Possession may be for personal use, or not.  If a limited quantity, possession for personal use is an administrative offence under Art 2 of the law 30/2000, and will be settled with treatment, counselling or a fine, as a last resort for non addicted users, or non-pecuniary penalties for addicted users. The law also recognises the specific case of user-dealers.  Punishment for traffickers under the Decree-Law 15/93 Arts.21-26 depends on the substance.

·         For personal use (less than 10 daily doses): administrative offence, with treatment or counselling, or a fine. 

·         In cases other than the above: tables I to III, 4-12 yrs; table IV, 1-5 yrs.

Slovenia

The Production and Trade in Illicit Drugs Act Art.33 specifies the offence of possession, and the lesser offence of possession of small quantities for personal use.  The Penal Code Art.196 criminalizes the possession of drugs with a view to resale.

·         Basic: Fine of approx €208-625, or up to 30 days prison.

·         Small quantities for personal use: Fine of approx €42-208 or prison up to 5 days.

·         Keeping drugs with a view to reselling them: 1-10 years.

Slovakia

Possession is forbidden by ss.171-172 of the Penal Code.  S.171 addresses possession for personal use (defined as a quantity of no more than three times a one-shot dose, or no more than ten times for a "larger amount"), and s.172 for trafficking.

·         For personal use (3 times a one-shot dose): up to 3 yrs.

·         Larger amount for personal use (10 times a one-shot dose): up to 5 yrs.

·         Keeping a drug: 4-10 years

·         Aggravating conditions: 10-25 years or life sentence

Sweden

Unlawful possession is a narcotic drugs offence according to the Narcotic Drugs Punishments Act (1968:64), ss.1-3. The offence is either judged as ‘petty’, 'ordinary' or 'serious'. 

·         Petty: fine or up to 6 mths.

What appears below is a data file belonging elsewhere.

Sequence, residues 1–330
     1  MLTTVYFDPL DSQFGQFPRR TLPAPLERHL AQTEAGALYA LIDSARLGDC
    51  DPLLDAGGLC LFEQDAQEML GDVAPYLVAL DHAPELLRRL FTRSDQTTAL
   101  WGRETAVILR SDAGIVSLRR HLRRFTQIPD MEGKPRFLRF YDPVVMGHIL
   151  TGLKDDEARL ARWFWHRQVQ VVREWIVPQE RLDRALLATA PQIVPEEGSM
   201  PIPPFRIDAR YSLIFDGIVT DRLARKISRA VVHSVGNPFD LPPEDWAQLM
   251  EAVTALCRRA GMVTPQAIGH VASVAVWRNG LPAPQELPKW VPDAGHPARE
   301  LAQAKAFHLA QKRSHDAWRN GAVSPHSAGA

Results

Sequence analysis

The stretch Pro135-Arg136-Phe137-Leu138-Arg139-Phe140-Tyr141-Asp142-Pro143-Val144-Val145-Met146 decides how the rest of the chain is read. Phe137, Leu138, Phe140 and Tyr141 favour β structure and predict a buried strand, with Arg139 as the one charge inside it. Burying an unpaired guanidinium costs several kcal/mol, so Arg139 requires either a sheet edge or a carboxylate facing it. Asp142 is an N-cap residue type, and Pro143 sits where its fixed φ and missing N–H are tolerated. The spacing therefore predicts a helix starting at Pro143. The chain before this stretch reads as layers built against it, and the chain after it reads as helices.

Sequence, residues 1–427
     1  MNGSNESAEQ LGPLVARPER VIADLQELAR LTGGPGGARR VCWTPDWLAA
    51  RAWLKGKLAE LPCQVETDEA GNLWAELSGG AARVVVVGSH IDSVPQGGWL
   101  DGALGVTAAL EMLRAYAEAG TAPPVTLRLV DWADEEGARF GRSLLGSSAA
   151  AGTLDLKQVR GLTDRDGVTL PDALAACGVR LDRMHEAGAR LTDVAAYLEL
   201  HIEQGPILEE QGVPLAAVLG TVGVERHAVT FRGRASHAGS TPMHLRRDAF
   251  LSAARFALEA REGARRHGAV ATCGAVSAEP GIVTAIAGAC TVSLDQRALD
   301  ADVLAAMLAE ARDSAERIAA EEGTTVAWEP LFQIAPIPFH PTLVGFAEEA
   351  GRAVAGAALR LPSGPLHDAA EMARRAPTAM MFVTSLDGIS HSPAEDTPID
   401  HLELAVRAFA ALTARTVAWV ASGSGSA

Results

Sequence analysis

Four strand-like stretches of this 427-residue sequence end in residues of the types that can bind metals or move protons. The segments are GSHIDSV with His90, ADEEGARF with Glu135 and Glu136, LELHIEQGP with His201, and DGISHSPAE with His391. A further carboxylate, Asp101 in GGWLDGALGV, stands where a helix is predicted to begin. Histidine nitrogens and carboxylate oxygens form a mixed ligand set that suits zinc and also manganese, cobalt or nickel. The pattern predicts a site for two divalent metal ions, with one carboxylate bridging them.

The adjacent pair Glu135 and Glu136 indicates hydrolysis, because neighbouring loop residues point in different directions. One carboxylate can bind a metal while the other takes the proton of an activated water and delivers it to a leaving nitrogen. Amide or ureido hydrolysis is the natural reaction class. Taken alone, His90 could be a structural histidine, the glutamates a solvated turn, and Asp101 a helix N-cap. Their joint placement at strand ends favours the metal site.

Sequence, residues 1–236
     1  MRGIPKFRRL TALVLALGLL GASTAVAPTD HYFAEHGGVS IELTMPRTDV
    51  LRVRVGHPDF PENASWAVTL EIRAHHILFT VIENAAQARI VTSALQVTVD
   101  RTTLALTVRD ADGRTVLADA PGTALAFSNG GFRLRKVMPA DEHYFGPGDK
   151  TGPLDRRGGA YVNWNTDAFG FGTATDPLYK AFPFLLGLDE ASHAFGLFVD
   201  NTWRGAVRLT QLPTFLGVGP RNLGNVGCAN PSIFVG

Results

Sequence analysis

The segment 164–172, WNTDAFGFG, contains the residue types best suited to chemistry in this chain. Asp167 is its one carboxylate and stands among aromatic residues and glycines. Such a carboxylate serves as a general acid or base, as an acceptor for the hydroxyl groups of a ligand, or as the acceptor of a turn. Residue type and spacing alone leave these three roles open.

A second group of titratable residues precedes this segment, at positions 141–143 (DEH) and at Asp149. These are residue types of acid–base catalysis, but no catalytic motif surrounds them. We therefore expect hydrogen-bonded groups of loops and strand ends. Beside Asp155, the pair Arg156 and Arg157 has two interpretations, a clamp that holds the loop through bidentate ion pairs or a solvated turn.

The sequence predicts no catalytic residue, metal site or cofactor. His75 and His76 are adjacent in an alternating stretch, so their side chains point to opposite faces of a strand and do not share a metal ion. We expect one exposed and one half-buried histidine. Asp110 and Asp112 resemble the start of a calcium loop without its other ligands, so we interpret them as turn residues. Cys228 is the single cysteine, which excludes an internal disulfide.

·         Ordinary: up to 3 yrs.

·         Serious: 2-10 years.

United Kingdom

In the Misuse of Drugs Act 1971 s.5 there are two possession offences: Possession, and possession with intent to supply.  Punishment is linked to the class of drugs involved (A, B, C, with A being the most harmful), and whether sentencing is by a Magistrate’s Court (summary) or in a Crown Court (on indictment).

·         Basic: Class A drugs: up to 6 months and/or a fine (summary); up to 7 years (on indictment);

Class B: up to 3 months and/or a fine (summary); up to 5 years (on indictment);

Class C: up to 3 months and/or a fine (summary); up to 2 years (on indictment).

·         With intent to supply: Class A drugs: up to 6 months and/or a fine (summary); life (on indictment);

Class B: up to 6 months and/or a fine (summary); up to 14 years (on indictment);

Class C: up to 3 months and/or a fine (summary); up to 14 years (on indictment)

Croatia Illegal possession of drugs is prohibited by the administrative offence proceedings under the Law on Combating Drugs Abuse and by the Criminal Code (Par. 1 Art. 173).

Administrative offence, fine from 140 – 14.000 Euro.

Under the Criminal Code; fine or up to 1 year.

Norway

Possession of smaller amounts is addressed by the Act on Medicinal Products, s. 24. If it is more than a certain time in possession of someone, it will be considered storage, not for personal use but for selling, so punished more severely according to § 162 of the Civil Penal Code. Possession of a user dose in an approved injection room is under certain conditions exempted from punishment according to the provisional Act on Drug Injection Rooms, s. 2.

·         Small amounts: fine or up to 6 mths.

·         If storage: fine or up to 2 years.

·         If aggravated: up to 10 years.

·         If a very considerable quantity: up to 15 years

·         If especially aggravating circumstances: up to 21 years

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Page last updated: Thursday, 12 January 2012